Thursday, May 29, 2008

Seven habits of obsessively connected people

1. Obsessive compulsive blogging disorder: Marked by intrusive thoughts and repeated posting, the syndrome typically involves constant, irrational worrying about comments on the latest blog posts and feelings that something bad will happen if he or she does not post at least 20 times a day. It is related to obsessive searching disorder, whose telltale signs include excessive use of Microsoft and Yahoo search engines.

2. Social network schizophrenia: Disturbed moods, thoughts and behavior that make it difficult for the patient to distinguish fact from Facebook. Hallucinations include friends throwing sheep at them. People with social network schizophrenia believe their hallucinations are real and the rest of the world is nuts, making it difficult to communicate with them or even attempt to help without using the Superpoke feature on Facebook.

3. Digital depression: Dark moods, feelings of loss or lower self-esteem resulting from being dissed by conference-roving Twitter mobs, getting unfriended, unlinked or unfollowed on your favorite social network or microblogging platform -- or getting zero comments on your blog posts.

4.FriendFeed phobia: Characterized by a deep-seated fear that if you use FriendFeed, you will find out you actually have no friends.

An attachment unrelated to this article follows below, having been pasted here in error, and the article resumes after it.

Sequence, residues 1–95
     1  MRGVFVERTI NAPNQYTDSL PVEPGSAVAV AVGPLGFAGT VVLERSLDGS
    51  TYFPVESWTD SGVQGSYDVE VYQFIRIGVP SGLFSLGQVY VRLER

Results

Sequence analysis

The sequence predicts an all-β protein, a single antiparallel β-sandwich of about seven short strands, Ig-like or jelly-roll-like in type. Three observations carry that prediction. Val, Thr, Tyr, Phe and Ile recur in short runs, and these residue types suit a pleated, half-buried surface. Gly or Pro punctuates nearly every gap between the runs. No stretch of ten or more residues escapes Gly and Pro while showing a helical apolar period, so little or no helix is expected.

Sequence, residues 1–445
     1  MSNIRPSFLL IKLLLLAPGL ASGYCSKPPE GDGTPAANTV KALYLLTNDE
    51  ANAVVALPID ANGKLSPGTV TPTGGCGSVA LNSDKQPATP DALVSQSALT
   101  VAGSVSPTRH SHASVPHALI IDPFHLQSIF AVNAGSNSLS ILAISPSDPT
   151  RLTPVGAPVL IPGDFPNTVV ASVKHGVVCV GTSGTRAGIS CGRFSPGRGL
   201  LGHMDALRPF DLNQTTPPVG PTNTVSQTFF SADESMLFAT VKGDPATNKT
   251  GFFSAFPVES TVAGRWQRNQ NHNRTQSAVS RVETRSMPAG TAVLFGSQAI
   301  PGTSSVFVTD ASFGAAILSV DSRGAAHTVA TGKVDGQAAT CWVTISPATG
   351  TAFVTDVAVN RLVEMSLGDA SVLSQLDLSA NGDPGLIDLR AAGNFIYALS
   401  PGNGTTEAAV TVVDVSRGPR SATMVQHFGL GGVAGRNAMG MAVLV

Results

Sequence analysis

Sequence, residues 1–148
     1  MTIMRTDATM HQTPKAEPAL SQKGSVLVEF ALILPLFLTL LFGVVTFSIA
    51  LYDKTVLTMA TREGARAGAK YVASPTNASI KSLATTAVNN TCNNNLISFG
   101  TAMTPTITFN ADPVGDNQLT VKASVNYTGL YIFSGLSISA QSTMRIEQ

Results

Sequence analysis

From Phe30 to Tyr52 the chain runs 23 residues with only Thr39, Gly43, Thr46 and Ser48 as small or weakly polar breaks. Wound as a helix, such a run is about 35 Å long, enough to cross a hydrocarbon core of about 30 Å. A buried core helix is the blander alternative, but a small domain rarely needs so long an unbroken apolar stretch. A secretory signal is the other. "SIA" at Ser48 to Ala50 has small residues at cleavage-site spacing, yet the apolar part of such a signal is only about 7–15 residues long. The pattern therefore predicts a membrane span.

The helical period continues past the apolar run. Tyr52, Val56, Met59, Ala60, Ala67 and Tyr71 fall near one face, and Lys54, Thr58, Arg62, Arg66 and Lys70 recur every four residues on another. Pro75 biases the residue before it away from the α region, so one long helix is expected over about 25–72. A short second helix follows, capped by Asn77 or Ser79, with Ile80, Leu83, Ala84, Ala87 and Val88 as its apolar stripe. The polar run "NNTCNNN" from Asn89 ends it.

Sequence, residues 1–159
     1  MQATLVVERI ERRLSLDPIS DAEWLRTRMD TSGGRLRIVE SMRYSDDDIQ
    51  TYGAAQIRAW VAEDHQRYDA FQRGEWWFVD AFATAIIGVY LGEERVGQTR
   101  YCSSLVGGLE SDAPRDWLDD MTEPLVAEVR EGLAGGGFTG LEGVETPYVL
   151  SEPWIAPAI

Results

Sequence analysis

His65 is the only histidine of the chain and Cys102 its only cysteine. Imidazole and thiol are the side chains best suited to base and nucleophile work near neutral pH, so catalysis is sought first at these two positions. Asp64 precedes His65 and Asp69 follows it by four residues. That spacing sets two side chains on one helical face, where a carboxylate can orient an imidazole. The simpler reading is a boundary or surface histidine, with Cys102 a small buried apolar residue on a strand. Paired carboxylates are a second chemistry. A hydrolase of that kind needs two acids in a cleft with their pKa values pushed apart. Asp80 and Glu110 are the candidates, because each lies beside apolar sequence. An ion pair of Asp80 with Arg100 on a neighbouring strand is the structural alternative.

5. Twitterer's Syndrome: Related to Tourette's syndrome, an involuntary, sudden, rapid, recurrent 140-character typing tic. To wit: "I'm not sure what's noisier. Twitter or my baby who is teething. I think the baby wins, but not by much," Scoble says.

6. Binge surfing disorder: Consuming more page views in a single sitting than most average people could in a two-week period. Characterized by abnormal craving for updates from Valleywag and VentureBeat. Side effects can be severe. Treatment varies. Consult your shrink.

7. Post-traumatic inbox disorder: Feelings of helplessness... and loss of control triggered by overwhelming influx of e-mails, resulting in an inability to sleep, work or enjoy life. It is related to post-traumatic update disorder: the failure to update your status on Facebook and other services, which leads to generalized anxiety.

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